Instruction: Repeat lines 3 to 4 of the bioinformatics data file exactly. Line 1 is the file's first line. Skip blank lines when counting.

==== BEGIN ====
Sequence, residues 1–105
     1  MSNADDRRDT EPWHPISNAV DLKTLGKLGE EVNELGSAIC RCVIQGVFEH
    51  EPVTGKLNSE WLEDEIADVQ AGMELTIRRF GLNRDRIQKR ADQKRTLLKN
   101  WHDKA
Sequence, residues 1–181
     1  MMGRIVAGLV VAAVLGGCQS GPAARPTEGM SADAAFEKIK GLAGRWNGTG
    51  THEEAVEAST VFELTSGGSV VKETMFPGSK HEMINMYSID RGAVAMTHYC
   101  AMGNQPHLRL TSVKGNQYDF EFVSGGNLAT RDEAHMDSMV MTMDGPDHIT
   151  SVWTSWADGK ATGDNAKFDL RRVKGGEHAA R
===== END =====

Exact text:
    51  EPVTGKLNSE WLEDEIADVQ AGMELTIRRF GLNRDRIQKR ADQKRTLLKN
   101  WHDKA